C. Diversification over Time.

The last of our related problem with CRRA was stated most clearly by Samuelson (1969, pp.883-4):

Third, being still in the prime of life, the business man can “recoup” any present losses in the future. The widow or the retired man nearing life’s end has no such “second or nth chance.”

Fourth, (and apparently related to the last point), since the businessman will be investing for so many periods, “the law of averages will even out for him,” and he can afford to act almost as if he were not subject to diminishing marginal utility.

However, before writing this paper, I had thought that points three and four could be reformulated to give a valid demonstration of businessman’s risk, my thought being that investing for each period is akin to agreeing to take a 1/nth interest in insuring n independent ships.

The present model does not itself (emphasis in the original) introduce extra tolerance for riskiness at early, or any, stage of life.

The “present model” was the discrete time version of the lifetime portfolio selection model where a closed-form solution was derived for the CRRA case. When theory (based on CRRA preferences) conflicted with introspection, Samuelson chose theory.3 Samuelson had modeled the instantaneous utility from consumption, U(C ), as exhibiting CRRA and then had shown that the indirect utility function for wealth, V(W) was also CRRA with the same degree of relative risk aversion.

To illustrate this point, consider the following lifetime portfolio selection problem:

where is the discount factor, is the share of assets allocated to the risky-asset, and and R are the gross rate of return on the risky and risk-free assets respectively.  only enters the problem through the second term of (I.5). If V(W) is CRRA, then the first order condition for can be written as:


so that the optimal does not depend on the level of wealth but only on the individual’s relative risk aversion and the distribution of asset returns.

Note that as long as the risk-free rate and the distribution of the risk premium are time invariant, optimal portfolio choice will not depend on time. Therefore, there are no life-cycle or time-horizon effects on optimal portfolio choice. This very important and powerful result is based on CRRA preferences, and it strikes many (including Samuelson pre-1969) as implausible.

II. Bounded Utility Where the Degree of Relative Risk Aversion Is Constant Across Individuals.
As was pointed out in the beginning, the assumption of CRRA preferences is often justified by the empirical fact that people with different levels of wealth on average exhibit similar relative risk aversion. But there is an important distinction between the assumption of CRRA for individual preferences and the observation that average relative risk aversion among groups of individuals appears to be constant across groups with different average levels of wealth. The strong theoretical results discussed in the last section depend on preferences where at a moment in time the individual’s elasticity of marginal utility of wealth is constant for all possible levels of wealth. In this section, we show that it is possible to develop a utility function for wealth where the elasticity of marginal utility is an increasing function of wealth, so that utility is bounded, but the average degree of relative risk aversion across groups of individuals with different average levels of wealth is constant.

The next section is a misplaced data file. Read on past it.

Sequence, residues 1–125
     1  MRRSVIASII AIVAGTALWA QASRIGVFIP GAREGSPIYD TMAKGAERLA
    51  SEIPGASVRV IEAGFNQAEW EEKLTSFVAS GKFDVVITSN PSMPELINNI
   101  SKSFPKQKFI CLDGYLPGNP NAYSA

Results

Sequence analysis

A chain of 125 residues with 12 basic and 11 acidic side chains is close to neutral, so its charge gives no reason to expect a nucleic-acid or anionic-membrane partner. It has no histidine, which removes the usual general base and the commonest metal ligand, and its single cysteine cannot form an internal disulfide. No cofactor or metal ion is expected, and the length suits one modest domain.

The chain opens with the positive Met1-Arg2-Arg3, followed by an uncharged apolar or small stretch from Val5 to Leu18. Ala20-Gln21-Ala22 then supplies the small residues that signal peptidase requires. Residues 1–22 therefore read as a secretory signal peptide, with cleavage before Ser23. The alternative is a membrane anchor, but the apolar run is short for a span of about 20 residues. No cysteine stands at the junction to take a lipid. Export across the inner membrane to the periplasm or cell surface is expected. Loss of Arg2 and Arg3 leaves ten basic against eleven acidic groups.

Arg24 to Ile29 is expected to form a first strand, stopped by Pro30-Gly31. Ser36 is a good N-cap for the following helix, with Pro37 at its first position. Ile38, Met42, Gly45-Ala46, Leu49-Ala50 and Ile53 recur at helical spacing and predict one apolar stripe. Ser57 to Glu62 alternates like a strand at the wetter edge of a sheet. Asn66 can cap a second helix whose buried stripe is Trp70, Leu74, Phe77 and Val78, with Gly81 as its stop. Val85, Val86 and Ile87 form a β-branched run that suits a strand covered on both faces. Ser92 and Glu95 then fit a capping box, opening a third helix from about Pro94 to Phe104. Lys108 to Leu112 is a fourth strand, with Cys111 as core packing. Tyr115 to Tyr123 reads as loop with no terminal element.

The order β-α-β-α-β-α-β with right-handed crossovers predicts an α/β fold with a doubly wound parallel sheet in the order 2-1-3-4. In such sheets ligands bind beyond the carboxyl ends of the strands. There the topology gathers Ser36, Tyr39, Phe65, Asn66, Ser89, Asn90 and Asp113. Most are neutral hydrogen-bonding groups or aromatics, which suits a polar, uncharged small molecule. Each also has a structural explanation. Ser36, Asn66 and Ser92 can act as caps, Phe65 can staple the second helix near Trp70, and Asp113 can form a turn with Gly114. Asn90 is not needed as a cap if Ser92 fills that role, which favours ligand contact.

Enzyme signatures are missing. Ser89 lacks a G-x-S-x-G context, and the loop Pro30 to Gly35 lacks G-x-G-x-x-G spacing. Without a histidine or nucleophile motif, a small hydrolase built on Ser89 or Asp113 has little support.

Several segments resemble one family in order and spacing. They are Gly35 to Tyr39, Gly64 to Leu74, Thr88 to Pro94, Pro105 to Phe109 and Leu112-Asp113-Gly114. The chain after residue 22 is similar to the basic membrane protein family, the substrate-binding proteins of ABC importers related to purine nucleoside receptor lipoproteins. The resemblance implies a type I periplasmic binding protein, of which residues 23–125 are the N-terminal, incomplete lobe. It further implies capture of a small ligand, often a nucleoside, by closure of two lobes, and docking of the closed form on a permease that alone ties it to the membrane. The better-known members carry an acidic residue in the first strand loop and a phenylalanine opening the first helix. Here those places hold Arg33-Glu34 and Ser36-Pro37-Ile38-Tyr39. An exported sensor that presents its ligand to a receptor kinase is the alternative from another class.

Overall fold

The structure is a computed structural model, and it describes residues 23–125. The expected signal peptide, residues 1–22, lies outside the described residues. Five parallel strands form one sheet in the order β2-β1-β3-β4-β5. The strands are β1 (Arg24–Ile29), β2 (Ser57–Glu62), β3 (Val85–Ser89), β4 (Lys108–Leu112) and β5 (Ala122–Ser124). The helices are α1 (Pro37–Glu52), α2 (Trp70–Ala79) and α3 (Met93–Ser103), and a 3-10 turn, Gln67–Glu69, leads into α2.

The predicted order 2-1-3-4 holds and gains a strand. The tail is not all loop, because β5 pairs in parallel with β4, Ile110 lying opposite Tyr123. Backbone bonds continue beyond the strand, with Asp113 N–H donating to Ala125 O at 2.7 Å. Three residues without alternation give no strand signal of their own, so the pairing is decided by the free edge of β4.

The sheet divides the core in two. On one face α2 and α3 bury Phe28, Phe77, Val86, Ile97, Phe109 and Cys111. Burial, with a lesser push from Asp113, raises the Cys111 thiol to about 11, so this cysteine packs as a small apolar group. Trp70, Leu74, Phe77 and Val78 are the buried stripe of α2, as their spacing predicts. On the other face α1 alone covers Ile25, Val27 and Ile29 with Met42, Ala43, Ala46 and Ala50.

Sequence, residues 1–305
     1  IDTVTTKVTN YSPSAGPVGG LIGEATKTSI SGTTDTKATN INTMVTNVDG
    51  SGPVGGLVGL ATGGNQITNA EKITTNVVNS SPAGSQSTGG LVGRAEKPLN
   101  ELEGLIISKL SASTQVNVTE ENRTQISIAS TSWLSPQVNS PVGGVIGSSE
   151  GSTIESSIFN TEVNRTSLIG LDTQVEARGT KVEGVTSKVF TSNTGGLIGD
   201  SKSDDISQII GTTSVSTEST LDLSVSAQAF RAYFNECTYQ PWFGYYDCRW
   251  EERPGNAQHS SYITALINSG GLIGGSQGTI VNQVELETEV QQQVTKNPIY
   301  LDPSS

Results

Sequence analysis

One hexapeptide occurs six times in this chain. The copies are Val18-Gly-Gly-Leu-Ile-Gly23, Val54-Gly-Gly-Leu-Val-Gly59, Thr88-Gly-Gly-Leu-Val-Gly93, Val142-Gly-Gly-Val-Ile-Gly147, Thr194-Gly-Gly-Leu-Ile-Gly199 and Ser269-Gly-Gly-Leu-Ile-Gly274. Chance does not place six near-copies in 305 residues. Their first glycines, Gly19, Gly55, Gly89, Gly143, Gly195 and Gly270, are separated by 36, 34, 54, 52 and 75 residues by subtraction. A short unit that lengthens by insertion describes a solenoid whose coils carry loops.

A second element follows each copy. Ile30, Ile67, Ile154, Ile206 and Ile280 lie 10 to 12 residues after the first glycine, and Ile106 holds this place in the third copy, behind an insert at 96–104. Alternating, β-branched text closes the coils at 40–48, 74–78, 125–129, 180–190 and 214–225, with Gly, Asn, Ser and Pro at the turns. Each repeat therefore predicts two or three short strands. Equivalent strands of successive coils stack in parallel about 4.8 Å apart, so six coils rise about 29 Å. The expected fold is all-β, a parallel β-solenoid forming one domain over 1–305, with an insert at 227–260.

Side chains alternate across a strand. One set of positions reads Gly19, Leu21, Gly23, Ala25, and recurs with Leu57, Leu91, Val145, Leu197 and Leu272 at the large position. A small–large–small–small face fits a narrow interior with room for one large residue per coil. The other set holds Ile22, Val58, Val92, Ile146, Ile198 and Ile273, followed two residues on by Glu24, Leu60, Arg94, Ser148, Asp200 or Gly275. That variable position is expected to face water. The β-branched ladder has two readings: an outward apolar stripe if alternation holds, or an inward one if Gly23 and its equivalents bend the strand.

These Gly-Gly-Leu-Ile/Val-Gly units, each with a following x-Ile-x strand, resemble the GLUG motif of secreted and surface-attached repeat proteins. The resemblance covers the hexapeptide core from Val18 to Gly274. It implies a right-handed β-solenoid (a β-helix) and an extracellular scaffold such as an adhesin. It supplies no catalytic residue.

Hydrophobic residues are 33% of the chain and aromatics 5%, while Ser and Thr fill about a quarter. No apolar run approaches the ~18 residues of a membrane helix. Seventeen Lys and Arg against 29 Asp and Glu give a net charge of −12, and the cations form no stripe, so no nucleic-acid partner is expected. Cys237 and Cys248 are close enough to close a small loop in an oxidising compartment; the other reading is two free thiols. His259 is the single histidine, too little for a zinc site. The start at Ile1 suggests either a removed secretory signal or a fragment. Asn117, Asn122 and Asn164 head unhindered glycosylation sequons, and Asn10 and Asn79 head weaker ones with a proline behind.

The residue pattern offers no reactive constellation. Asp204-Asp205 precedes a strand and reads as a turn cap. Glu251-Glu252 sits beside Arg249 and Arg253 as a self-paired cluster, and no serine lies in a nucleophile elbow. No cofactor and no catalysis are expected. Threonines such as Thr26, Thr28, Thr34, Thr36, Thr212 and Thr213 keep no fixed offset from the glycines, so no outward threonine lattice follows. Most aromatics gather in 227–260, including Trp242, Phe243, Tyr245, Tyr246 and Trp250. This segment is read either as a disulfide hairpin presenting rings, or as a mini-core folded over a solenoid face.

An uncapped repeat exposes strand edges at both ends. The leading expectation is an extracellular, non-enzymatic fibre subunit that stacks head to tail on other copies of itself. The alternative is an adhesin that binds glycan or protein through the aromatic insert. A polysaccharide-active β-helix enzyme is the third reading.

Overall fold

Our utility function is based on a variation of “habit formation” with constant absolute risk aversion, where the specification of the habit level of consumption has been chosen for analytical convenience.4




Hence in this CARA utility function, the RRA depends on the absolute risk aversion times the relative wealth, W/Z.5

We have not been able to find a closed-form solution for the direct utility function of consumption that gives rise to this indirect utility function for wealth, but we do know that this unknown function is homogeneous of degree zero in C/Z. While this function exhibits CARA for any given level of habit consumption, it can also be consistent with the Friend and Blume (1975) evidence of the relative constancy of relative risk aversion across groups of individuals. The key point is that when we observe individuals with different wealth levels, they will also have different habit levels of consumption. If wealth and habit consumption are roughly proportional across individuals, so too will be the average value of RRA for different wealth categories. In some ways, our solution to the cross-section evidence is similar to Friedman’s solution to the consumption puzzle, where the average value of the Average Propensity to Consume (APC) is roughly constant across groups of the poor and the affluent, but for an individual the marginal propensity to consume is less than the APC. Similarly, the degree of RRA at the initial level of wealth can be constant across groups of individuals while decreasing in wealth for any individual.